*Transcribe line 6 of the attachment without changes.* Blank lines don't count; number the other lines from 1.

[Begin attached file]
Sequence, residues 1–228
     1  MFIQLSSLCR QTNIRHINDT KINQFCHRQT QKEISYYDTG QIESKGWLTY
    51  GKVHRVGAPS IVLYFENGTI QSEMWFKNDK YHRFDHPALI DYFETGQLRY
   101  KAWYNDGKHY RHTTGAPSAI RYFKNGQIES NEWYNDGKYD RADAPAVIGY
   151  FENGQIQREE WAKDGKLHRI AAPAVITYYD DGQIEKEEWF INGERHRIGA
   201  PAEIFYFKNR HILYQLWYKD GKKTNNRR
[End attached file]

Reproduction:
   201  PAEIFYFKNR HILYQLWYKD GKKTNNRR